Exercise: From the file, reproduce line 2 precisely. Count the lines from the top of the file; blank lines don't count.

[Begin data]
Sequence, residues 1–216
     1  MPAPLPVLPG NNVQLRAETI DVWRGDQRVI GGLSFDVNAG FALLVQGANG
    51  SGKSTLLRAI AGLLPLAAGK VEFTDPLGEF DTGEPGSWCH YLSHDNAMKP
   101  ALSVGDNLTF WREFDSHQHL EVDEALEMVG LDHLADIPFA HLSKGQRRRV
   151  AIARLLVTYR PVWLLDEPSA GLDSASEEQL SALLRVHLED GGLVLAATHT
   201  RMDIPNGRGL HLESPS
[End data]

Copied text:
     1  MPAPLPVLPG NNVQLRAETI DVWRGDQRVI GGLSFDVNAG FALLVQGANG